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    May 18, 2015

    First batch of frozen pork from Malaysia since 1999

    FROZEN pork from Malaysia is back in markets here, marking the loosening of an import ban on the product after more than a decade.

    The Agri-Food & Veterinary Authority (AVA) recently approved the import of frozen pork from one slaughterhouse in Sarawak.

    The first consignment arrived here in February and, as of last month, about 9 tonnes of frozen pork products have been imported from there.

    The ban on the import of live pigs and raw pork from Malaysian was introduced in 1999, after an outbreak of the Nipah virus. The virus, which is carried by pigs, killed 100 Malaysian pig farmers and an abattoir worker here.

    A spokesman for AVA said Sarawak's state animal and veterinary public health programmes were assessed, and inspections were conducted at the pig farming area and slaughterhouse to ensure that their bio-security control measures and hygiene standards meet AVA's requirements.

    "During our inspections, areas of improvement were highlighted, which the slaughterhouse rectified accordingly," she said.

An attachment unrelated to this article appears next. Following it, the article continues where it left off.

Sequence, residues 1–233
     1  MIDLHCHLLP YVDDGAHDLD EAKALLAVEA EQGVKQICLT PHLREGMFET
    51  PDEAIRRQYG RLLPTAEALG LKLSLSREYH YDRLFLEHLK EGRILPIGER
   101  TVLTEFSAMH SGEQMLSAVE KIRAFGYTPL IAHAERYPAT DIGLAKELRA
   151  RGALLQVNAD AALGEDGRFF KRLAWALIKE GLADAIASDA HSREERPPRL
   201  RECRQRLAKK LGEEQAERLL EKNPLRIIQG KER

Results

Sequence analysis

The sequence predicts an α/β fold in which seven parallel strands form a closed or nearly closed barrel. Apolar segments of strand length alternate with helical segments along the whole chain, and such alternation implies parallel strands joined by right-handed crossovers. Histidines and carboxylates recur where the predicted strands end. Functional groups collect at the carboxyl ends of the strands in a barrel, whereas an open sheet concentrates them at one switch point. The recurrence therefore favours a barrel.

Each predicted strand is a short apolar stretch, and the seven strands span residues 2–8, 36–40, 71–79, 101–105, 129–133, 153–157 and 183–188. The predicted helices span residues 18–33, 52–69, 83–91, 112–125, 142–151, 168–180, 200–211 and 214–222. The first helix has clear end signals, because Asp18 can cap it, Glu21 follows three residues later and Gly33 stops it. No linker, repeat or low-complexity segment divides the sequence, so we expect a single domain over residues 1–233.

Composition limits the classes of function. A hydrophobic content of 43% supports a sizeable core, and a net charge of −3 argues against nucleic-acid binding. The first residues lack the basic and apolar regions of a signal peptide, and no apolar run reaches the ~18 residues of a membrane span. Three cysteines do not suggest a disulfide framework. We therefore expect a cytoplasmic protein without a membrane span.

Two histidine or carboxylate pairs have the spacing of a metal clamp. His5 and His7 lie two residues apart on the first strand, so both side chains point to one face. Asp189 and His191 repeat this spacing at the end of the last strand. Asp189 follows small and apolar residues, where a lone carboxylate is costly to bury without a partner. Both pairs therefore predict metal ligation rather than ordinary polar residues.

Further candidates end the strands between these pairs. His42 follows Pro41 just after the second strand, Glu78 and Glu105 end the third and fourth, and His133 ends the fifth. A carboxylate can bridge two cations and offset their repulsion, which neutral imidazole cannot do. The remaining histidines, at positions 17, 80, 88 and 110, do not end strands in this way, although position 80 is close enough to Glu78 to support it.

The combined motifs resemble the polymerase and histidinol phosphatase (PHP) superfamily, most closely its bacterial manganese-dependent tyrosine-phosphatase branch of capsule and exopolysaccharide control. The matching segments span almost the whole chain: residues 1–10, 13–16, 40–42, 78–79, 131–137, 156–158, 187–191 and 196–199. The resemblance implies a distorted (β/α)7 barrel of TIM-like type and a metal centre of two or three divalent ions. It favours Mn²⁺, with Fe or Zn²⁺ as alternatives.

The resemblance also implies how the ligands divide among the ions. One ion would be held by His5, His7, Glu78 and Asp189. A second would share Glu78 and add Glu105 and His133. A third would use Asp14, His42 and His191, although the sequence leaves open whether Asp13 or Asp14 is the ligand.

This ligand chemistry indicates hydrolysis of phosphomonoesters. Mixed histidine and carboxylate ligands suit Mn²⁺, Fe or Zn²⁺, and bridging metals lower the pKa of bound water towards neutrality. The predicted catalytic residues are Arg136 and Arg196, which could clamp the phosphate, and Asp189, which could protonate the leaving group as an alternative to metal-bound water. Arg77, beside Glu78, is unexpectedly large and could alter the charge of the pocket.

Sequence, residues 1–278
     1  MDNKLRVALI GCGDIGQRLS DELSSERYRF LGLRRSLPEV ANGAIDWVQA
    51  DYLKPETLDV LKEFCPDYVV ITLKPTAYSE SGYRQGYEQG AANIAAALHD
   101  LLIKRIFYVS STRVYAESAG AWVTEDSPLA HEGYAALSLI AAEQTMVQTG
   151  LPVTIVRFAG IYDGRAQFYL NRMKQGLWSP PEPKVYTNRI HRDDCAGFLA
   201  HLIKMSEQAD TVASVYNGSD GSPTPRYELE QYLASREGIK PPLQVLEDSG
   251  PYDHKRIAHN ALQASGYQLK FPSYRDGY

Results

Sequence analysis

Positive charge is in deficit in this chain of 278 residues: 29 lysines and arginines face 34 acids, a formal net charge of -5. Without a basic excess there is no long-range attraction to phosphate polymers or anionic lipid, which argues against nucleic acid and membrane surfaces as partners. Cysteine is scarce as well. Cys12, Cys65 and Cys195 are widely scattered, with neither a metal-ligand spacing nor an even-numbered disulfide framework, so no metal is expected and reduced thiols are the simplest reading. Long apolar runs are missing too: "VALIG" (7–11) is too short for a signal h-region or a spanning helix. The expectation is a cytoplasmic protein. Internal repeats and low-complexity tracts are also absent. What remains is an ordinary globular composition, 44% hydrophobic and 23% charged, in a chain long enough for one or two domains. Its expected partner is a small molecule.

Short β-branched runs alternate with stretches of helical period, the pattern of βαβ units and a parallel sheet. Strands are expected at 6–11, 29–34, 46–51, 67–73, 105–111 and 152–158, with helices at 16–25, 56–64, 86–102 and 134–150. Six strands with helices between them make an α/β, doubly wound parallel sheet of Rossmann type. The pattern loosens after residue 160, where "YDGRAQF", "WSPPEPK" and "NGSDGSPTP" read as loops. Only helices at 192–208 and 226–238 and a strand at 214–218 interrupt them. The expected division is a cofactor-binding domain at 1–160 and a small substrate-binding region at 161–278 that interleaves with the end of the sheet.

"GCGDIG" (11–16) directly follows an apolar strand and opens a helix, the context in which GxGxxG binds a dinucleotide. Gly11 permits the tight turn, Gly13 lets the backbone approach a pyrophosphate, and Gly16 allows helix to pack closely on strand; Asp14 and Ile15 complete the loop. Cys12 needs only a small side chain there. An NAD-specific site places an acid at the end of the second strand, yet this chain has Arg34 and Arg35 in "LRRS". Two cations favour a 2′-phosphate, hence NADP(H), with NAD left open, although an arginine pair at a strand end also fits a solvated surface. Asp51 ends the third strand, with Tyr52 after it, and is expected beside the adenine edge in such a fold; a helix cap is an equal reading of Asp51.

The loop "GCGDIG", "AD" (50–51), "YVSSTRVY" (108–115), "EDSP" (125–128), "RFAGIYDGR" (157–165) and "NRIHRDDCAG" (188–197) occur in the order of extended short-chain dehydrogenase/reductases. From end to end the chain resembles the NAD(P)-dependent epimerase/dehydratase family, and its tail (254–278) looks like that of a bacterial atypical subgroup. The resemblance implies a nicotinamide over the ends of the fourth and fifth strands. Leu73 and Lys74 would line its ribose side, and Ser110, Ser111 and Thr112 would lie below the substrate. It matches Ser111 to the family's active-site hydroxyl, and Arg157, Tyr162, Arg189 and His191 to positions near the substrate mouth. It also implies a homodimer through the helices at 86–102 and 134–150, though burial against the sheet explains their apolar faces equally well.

A trial sample batch was also tested at AVA's Veterinary Public Health Laboratory and met food-safety requirements.

    Austria was also approved as a new source of pork last year and, as of last month, about 175 tonnes of frozen pork from Austria have been exported to Singapore.

    In April last year, Singapore imported its first batch of beef products from Britain since 1996, after AVA lifted its ban on deboned beef from Britain in September 2013.

    Over the last year, around 2.5 tonnes of chilled or frozen beef products have been imported from 15 slaughterhouses.

    The ban had been placed on British beef imports due to the threat of mad cow disease. At that point, Singapore was importing about 15 tonnes of beef from Britain, which made up about 0.12 per cent of overall beef imports.

    AVA has since found the situation in Britain to be "well-controlled" and the threat of the disease "negligible". It added that, as a precaution, it allows the import of only deboned beef from cattle under 30 months of age as they have less nervous tissue, which reduces their risk of contracting the disease.

    The spokesman said the agency will monitor all consignments and take the necessary action when there are food-safety lapses.

    It will also continue to diversity its food sources.

    "By buying from diverse sources, we are better buffered against potential short-term supply disruptions from any one source," she said.